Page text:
What to see around:

The Castle of Methoni: It is one of the most famous landmarks in the Peloponnese. Methoni’s 13th-century Venetian castle is situated by the sea, just a few-minutes walk from the lively town of Methoni.

Walking inside the castle and exploring the paved roads and gates made of stone, as well as other significant buildings, such as a church and Turkish baths, is undeniably a memorable experience.

The Castle of Koroni: It is another famous Venetian fortress with fine architecture, built in the 13th century Koroni’s castle was renovated by the Ottomans in the 16th century.

7. The Citadel of Mycenae

citadel of mycenae.jpg

Mycenae is a majestic archaeological site in Argolis, only 24 kilometers away from Nafplio. It is the birthplace of the Mycenaean civilization, one of the earliest civilizations in European history.

Agamemnon was the king of Mycenae and there are references to this citadel even in Homer’s works. Mycenae’s stunning architecture, the royal tombs and gates, in combination with the amazing natural surroundings of the area, make it an astounding experience that is more than worthwhile.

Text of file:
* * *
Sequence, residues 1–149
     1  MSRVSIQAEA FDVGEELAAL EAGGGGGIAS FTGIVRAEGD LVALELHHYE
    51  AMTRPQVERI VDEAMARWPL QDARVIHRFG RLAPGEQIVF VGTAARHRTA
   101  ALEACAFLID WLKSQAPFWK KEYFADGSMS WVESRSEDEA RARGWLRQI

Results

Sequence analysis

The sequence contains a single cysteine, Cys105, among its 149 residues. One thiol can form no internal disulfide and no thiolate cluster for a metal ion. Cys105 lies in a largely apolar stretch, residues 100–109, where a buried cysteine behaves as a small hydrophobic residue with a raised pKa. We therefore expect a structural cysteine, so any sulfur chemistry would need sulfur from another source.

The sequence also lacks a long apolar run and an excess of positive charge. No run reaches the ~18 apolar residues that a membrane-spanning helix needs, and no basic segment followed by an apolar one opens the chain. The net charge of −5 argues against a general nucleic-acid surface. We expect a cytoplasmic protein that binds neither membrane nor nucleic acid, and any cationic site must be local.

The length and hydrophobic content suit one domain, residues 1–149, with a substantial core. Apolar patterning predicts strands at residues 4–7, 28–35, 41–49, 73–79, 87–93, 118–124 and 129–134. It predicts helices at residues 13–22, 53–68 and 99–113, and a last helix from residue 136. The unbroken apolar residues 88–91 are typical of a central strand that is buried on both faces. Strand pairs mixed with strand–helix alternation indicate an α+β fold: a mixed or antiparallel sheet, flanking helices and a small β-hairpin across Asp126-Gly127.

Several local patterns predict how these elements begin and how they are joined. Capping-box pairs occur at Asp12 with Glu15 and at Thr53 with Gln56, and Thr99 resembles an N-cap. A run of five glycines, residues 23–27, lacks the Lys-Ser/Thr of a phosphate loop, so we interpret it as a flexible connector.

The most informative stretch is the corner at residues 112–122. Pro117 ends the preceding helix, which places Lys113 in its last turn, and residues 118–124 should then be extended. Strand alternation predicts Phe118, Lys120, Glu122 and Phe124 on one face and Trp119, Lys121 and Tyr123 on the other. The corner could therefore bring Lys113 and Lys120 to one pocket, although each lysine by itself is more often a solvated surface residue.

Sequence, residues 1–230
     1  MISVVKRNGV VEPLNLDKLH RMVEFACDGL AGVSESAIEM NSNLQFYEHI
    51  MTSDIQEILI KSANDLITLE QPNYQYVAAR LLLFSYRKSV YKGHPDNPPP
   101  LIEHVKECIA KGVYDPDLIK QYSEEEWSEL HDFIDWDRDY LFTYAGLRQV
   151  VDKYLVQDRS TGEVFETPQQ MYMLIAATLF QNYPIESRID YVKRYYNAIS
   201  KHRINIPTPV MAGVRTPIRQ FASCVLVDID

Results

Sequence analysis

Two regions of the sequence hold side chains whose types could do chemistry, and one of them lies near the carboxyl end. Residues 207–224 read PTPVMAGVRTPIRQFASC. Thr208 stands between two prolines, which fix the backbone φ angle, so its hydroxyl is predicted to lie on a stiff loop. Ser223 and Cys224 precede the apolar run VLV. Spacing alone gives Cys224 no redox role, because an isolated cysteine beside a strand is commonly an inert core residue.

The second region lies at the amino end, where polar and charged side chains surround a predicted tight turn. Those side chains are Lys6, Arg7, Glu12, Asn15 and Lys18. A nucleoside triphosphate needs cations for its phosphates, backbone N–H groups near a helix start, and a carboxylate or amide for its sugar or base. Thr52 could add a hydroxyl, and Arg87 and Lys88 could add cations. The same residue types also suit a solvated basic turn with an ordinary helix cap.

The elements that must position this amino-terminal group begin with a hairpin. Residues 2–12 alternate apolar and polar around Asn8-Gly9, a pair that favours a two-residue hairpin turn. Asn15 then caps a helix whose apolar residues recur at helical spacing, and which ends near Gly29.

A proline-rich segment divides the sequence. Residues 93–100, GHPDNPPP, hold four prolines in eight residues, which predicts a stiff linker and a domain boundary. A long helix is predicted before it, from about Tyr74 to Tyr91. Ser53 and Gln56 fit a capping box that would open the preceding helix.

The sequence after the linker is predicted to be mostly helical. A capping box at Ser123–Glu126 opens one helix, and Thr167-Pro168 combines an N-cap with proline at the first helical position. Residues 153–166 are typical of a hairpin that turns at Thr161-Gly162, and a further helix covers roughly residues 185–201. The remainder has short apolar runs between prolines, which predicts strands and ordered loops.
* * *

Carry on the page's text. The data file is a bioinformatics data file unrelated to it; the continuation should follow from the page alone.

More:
What to see around:

The Lion Gate which is right at the entrance of the Citadel of Mycenae

The Archaeological Museum of Mycenae: Before the Lion Gate, there is the Archaeological Museum of Mycenae with about 2,500 exhibits. The findings from the Mycenaean excavations, like ceramic vases, jewelry, wall paintings, tools and weapons constitute the most impressive and representative exhibits from the Copper Period till the Hellenistic time (2nd century BC).